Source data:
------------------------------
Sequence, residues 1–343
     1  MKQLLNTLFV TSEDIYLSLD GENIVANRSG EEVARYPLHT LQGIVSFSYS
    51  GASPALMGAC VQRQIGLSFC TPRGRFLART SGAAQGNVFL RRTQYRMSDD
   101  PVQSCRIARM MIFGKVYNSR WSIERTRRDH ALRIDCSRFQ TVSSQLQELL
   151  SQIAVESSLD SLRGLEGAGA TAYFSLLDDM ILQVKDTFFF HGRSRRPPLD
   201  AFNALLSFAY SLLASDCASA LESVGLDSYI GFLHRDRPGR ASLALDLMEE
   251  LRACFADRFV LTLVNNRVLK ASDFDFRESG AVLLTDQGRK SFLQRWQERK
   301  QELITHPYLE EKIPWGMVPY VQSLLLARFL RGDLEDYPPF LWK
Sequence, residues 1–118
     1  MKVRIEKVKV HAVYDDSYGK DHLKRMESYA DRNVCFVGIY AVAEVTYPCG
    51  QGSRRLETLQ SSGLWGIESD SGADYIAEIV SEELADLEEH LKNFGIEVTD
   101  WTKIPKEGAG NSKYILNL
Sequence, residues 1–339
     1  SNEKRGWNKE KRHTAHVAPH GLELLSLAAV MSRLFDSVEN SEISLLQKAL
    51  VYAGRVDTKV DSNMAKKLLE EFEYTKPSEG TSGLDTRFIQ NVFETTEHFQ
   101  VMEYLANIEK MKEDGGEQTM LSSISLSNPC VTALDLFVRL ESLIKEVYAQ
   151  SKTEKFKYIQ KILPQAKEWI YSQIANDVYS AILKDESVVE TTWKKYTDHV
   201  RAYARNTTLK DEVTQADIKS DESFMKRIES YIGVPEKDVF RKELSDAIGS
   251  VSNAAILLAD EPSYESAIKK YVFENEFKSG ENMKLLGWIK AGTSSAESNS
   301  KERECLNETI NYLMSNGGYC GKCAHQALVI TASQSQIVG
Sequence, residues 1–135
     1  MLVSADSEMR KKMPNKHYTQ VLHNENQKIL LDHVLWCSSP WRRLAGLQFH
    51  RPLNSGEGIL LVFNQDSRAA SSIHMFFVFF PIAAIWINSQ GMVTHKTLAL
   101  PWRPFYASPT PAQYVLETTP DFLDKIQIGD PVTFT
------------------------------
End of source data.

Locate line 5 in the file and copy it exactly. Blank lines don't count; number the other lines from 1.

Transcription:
   151  SQIAVESSLD SLRGLEGAGA TAYFSLLDDM ILQVKDTFFF HGRSRRPPLD